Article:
Soy Cuticle Jelly

Raspberries are ripening all throughout the valley and that means in my spare time, I am only in one place. The berry patch. I have loved the sun kissed berries bursting over my tongue, the sweet yet tangy flavors bursting in my mouth. Yummy! I have even taken to listening to audio books while out there so as to extend my time plucking berries from their thorny branches. My glee at the mound of small red berries is dampened by one thing. Those dratted thorns. They are absolutely catastrophic to my hands and cuticles. My hands are covers in minute scratches, making small tags that catch on everything! I have been using a jar of our Head to Toe cream and that has done wonders but my cuticles are still looking horrid. Come join me today for a cuticle jelly that will aid even a gardener’s shredded hands! 

I wanted to start my recipe out with using soy wax. Soy wax is an amazing product. First, it is completely vegetable derived. It also is white in color. I love Candelilla Wax and Carnauba Wax but I was using other items in my formulation to achieve a beautiful yellow color. I wanted to a lighter opacity that would affect the color of my finished product.

I also added Lanolin. Lanolin is great at creating barriers for moisture. This means it prevents the water from evaporating, allowing your skin to remain moisturized and soft. One of my favorite things about lanolin is that a very small amount goes a long way. Yay for lanolin!

Next I added Golden Jojoba into my formulation. Jojoba Oil is actually a liquid wax. Its chemical structure makes it very similar to oils that are naturally occurring in the skin. This is why so many people say Jojoba Oil feels “natural” to them.

Finally, I added Squalane. It is very similar to the substance Squalene, which is a natural lubricant and moisturizer found in the skin. Squalane is derived from olives making it vegan! You will love Squalane because it really adds pizazz to your finished product.

 

Difficulty Rating: EASY

Start to finish: Less than 45 minutes*

Ingredients
Soy Wax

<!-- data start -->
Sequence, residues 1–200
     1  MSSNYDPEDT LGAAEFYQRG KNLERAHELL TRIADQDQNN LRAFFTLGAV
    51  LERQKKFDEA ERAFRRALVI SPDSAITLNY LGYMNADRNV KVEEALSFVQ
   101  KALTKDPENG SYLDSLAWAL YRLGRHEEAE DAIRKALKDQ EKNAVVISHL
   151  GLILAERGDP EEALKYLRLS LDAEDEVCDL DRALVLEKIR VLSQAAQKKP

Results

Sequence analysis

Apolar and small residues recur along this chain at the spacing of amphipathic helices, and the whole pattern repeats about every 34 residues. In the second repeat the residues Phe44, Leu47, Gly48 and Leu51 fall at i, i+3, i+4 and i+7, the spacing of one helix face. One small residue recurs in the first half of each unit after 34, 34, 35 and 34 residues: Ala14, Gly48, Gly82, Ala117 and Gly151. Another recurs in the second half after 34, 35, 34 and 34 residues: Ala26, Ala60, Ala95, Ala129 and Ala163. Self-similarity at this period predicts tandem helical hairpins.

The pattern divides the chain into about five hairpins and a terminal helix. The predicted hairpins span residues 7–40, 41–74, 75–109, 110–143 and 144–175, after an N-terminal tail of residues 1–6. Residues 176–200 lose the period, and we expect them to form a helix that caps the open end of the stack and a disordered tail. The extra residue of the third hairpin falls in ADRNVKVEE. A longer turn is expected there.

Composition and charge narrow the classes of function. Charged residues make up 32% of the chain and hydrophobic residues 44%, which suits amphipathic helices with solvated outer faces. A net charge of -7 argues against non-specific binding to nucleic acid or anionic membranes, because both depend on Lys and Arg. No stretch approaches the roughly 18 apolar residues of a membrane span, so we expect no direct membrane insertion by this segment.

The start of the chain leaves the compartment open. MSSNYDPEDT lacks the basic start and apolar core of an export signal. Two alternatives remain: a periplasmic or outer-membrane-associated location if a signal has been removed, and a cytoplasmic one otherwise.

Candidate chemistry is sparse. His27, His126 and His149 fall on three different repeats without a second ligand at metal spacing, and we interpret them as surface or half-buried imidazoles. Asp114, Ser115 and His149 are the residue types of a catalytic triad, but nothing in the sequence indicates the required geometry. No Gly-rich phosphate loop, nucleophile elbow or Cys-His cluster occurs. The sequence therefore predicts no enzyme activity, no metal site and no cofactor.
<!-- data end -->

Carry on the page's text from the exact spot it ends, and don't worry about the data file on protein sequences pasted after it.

Hydrogenated Soybean Oil
Cocoa Butter, White
Mango Butter
Lanolin
Sunflower Oil
Golden Jojoba Oil
Vitamin E Natural
Squalane
Green Tea & Cucumber Fragrance Oil
Blue Oil Soluble Lip Balm Color
Equipment
Scale
Microwave Safe Container
Spoons
Pipettes

Recipe:

Recipe in Grams
2 grams Soy Wax
30 grams Hydrogenated Soybean Oil
5 grams Cocoa Butter, White
10 grams Mango Butter
8 grams Lanolin
30 grams Sunflower Oil
12 grams Golden Jojoba Oil
1 grams Vitamin E Natural
1.75 grams Squalane
0.25 grams Green Tea & Cucumber Fragrance Oil
Q.S. Blue Oil Soluble Lip Balm Color
Recipe in Ounces
0.07 oz Soy Wax
1.06 oz Hydrogenated Soybean Oil
0.18 oz Cocoa Butter, White
0.35 oz Mango Butter
0.42 oz Lanolin
1.06 oz Sunflower Oil
0.42 oz Golden Jojoba Oil
0.04 oz Vitamin E Natural
0.06 oz Squalane
0.01 oz Green Tea & Cucumber Fragrance Oil
Q.S. Blue Oil Soluble Lip Balm Color
Recipe in Percentages
2% Soy Wax
30% Hydrogenated Soybean Oil
5% Cocoa Butter, White
10% Mango Butter
8% Lanolin
30% Sunflower Oil
12% Golden Jojoba Oil
1% Vitamin E Natural
1.75% Squalane
0.25% Green Tea & Cucumber Fragrance Oil
Q.S. Blue Oil Soluble Lip Balm Color

Weigh everything except the Vitamin E Natural, Squalane, fragrance oil and color into a microwave safe container. Heat gently until everything has melted. (This will be at just about 150ºF so that the Soy Wax has been able to completely melt.) Add the Vitamin E Natural, Squalane and fragrance oil. Dip the end of a toothpick into the blue lip balm color and stir the color into the cuticle jelly. Allow the cuticle jelly to cool and pipette into lip brush pens. Insert the brush end into the tube and press until it snaps closed. Cap, label and enjoy!

 

*Labeling your products may increase the length in time it takes to make this project from start to finish.
Taylor

Finished Cuticle Jelly

Finished Cuticle Jelly

Weighing Oils

Weighing Oils

Weighing Oils

Weighing Oils

Weighing Oils

Weighing Oils

Weighing Oils

Weighing Oils

Melted Oils

Melted Oils

Adding Squalane and Vitamin E Natural

Adding Squalane and Vitamin E Natural

Adding Color and Fragrance Oil

Adding Color and Fragrance Oil

Stirring Cuticle Jelly

Stirring Cuticle Jelly

Filling the Lip Brush Pens

Filling the Lip Brush Pens

Cooled Cuticle Jelly

Cooled Cuticle Jelly

Attaching Brush Heads

Attaching Brush Heads

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Beautiful Botanicals Challenge Soap Submission – Karen

I find it fascinating when people are given the same basic materials but their finished products are completely different. That is one of my favorite things about challenges. Challenges seem to give people full reign of their creativity by forcing them to think outside the box. Check out what Karen thought of! 

I LOVE this coffee soap. I love coffee and it’s just the best to use in the kitchen and after gardening. I made a 4X strength coffee for the liquid and added the used grinds to the soap. A little TD to give it a beautiful creamy (yeah, I love cream in my coffee) swirl. I added a touch of tea tree oil, peppermint and lavender essential oils. This could be the perfect soap ;*) And, it’s just beautiful (in my coffee hazed mind!) And yes, it’s a botanical. Coffee comes from trees, so there ya go.